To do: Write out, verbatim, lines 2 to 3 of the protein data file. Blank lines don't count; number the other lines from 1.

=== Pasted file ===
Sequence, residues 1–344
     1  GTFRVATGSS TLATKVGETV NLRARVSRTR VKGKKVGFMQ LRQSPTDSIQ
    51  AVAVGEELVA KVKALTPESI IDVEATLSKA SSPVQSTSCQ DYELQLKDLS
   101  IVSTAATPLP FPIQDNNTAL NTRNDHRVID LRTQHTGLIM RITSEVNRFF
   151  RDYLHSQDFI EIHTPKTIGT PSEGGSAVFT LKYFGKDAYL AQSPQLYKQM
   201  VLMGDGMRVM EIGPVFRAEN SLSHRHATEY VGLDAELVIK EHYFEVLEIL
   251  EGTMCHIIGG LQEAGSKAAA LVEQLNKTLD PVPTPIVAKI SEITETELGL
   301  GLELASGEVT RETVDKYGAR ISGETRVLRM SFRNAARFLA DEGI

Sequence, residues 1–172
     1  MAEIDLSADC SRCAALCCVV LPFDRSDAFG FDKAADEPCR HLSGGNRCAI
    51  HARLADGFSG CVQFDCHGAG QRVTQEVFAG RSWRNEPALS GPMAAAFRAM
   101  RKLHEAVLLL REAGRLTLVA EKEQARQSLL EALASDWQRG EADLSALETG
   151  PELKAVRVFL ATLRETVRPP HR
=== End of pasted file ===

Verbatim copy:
     1  GTFRVATGSS TLATKVGETV NLRARVSRTR VKGKKVGFMQ LRQSPTDSIQ
    51  AVAVGEELVA KVKALTPESI IDVEATLSKA SSPVQSTSCQ DYELQLKDLS